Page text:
Four Multi-Township EMS administrators and board members attended a regular meeting of the Milford Town Council Monday night to clear the air over a recent request by MTEMS for a significant increase in the town’s subsidy.
Scott Sigerfoos, MTEMS director of operations, told council members that they felt the need to discuss the matter publicly after comments were made during a July council meeting that were highly critical of the request.
Sigerfoos reminded them that the organization currently keeps an ambulance in town 24 hours a day, seven days a week, even though it’s only contracted to do so for eight hours a day. That shows a good faith intention to give Milford the best service possible, he pointed out.
The subsidy that Milford pays for the service – subsidies being one of MTEMS three income sources, along with patient reimbursements and grants – is just not proportionate to what other towns and townships are paying.
MTEMS would like the town to increase its subsidy from $18,000 to $73,307.13 for 24/7 coverage. Sigerfoos emphasized Monday night that he doesn’t expect to see such an increase all at once, though, but rather as something that the council would work toward.
“Compare it to your police department staffing,” he said. “Take into account salaries, benefits, uniforms, training and so on that you pay for each officer, and then remember that an ambulance requires two people to be on at the same time. Do you think you could staff a police department that way for $18,000 a year?”
Among other points, council president Doug Ruch responded that he thought the fact that the town provided an EMS station should be taken into more account. Sigerfoos noted, however, that compared to the other stations out of which MTEMS operates, Milford’s is woefully inferior.
Although both sides engaged in civil conversation, the relationship moves forward with obvious trepidation.
“I don’t think anyone here would say that the service is lousy,” council member Bob Cockburn said. “I’d like to think we can work with you.”
Sigerfoos, and MTEMS Board President Roger Shori expressed an interest in the same. Sigerfoos then reiterated that MTEMS is dedicated to keeping an ambulance in town around the clock for as long as it can. Two “triggers,” both of which are tied to potential financial shortfalls, are what could change that if they occur in the future.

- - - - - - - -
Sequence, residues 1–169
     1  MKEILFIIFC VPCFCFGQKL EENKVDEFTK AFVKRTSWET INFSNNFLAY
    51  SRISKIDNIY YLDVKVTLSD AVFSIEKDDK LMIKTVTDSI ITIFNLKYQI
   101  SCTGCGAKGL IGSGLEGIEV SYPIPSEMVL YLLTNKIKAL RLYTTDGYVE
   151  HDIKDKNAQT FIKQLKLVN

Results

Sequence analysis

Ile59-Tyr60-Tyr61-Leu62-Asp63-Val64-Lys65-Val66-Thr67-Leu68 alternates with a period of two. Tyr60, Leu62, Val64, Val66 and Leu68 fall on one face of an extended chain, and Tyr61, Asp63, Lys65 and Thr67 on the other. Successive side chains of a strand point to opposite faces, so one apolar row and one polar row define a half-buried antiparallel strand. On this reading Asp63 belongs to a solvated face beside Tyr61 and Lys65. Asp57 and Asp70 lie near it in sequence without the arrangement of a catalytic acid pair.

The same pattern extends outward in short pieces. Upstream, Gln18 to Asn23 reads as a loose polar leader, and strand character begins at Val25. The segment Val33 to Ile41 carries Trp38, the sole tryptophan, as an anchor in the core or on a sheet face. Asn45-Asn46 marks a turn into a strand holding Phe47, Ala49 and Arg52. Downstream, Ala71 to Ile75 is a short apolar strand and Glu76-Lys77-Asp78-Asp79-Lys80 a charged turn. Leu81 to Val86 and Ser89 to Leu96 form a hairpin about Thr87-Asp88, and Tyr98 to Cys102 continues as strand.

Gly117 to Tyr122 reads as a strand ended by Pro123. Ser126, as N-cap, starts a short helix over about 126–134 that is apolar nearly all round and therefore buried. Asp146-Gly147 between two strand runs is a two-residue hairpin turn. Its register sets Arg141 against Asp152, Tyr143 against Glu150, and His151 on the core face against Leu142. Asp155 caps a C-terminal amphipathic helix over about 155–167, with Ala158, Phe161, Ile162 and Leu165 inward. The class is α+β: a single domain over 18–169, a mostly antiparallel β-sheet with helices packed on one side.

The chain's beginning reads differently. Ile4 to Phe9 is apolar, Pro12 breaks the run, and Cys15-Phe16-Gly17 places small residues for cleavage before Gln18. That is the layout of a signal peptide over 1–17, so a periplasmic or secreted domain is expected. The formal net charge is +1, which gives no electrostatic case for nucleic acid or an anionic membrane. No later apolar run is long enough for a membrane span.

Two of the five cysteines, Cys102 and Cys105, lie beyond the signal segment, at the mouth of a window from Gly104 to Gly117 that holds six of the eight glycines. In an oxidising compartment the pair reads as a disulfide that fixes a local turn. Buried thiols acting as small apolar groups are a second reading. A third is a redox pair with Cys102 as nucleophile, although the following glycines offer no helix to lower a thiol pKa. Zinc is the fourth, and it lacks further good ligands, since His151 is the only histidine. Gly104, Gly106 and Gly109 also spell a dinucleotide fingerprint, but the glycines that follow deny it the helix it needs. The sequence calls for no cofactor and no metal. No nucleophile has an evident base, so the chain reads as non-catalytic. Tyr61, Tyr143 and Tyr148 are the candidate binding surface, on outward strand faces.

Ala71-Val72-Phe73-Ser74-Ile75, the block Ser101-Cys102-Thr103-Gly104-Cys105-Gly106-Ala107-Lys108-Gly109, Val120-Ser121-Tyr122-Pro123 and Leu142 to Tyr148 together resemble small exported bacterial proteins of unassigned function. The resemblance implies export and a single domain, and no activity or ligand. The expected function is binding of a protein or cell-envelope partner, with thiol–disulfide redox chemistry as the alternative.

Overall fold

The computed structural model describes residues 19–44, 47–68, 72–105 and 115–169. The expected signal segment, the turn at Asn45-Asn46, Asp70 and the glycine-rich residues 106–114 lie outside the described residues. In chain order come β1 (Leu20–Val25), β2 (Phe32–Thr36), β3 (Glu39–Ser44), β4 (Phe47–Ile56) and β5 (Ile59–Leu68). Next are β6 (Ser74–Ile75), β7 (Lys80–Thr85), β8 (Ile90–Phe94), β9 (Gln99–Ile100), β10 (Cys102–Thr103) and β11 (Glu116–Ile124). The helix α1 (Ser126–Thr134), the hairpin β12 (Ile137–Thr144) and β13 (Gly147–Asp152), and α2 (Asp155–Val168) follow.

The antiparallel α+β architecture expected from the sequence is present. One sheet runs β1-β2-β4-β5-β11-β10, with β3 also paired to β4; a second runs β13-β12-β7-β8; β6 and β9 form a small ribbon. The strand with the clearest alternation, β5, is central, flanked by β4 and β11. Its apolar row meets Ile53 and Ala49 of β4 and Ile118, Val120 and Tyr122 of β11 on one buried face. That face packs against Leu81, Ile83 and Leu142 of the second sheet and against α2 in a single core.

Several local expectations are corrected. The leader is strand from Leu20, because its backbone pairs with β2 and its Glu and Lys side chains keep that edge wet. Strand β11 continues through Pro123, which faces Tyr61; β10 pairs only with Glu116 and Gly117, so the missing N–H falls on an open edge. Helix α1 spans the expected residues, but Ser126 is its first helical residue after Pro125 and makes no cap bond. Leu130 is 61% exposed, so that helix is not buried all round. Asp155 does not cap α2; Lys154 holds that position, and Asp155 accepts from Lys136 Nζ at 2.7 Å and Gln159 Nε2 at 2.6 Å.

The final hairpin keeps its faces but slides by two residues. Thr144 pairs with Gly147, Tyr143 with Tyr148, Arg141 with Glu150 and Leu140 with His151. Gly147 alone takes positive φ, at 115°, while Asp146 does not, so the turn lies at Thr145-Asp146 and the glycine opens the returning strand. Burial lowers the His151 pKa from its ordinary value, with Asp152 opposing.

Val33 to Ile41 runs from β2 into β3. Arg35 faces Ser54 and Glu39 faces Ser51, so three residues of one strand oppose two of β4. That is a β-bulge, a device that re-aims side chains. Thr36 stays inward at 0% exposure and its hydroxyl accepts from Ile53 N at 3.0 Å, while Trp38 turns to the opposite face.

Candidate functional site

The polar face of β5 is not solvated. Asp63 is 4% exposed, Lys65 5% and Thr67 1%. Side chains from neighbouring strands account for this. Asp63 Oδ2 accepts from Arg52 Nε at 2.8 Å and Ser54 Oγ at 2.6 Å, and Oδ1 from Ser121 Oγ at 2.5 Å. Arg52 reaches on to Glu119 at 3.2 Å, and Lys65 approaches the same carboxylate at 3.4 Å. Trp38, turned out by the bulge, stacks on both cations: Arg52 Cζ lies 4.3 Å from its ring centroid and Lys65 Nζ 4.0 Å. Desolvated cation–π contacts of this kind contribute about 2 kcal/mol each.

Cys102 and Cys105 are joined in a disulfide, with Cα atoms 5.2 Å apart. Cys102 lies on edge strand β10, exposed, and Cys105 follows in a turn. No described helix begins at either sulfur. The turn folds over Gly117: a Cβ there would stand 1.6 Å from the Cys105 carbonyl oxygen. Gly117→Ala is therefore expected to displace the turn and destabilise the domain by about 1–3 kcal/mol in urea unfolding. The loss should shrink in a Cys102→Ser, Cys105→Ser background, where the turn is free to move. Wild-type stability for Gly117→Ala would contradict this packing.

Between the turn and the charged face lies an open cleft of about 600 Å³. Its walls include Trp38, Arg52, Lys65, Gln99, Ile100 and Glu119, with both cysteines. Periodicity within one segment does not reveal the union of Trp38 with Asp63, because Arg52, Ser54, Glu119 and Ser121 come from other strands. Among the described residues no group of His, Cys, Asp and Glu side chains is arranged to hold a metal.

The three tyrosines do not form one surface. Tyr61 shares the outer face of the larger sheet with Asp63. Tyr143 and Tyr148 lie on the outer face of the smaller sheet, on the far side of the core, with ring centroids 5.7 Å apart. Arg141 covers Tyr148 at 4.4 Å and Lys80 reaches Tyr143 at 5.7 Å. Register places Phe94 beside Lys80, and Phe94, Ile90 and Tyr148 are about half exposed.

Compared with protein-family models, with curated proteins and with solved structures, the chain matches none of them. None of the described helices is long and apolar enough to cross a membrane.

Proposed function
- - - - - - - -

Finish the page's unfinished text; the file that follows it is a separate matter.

The council also conducted a public hearing Monday night on the town’s 2013 proposed budget, which includes a $55,158 increase from 2012 to 2013. Of that, $2,000 is earmarked for an increased subsidy to MTEMS. Also, $30,000 to $32,000 will be used to replace a 2007 police car with a newer model. The remainder will be used as a cushion for 3 percent salary increases that will not be voted on by the council until the end of the year.
No public discussion took place, so final approval to the budget will likely take pace at the October meeting.
Milford Redevelopment Commission President Dan Brown reported to the council Monday that it had been his hope to get the process to establish a tax increment financing district on the former BRTB property up and running. But after hearing earlier in the day that the engineer the commission had intended to use plans to retire, he told the council that he had asked Milford Town Attorney Jay Rigdon to submit a proposal for Rockhill Pinnick LLC to perform the work.
Pursuant to development of that site, the council also passed a motion to use Wessler Engineering as the exclusive town engineering firm. Wessler will be asked to review a previous evaluation of the site and adjust it as needed. The town intends to develop water, sewer and street infrastructure there as soon as possible.
The next meeting of the council will take place at 7 p.m. Oct. 15 instead of Oct. 8 due to the Columbus Day holiday.
For a more in-depth accounting of Monday night’s meeting, see this week’s issue of The Mail-Journal.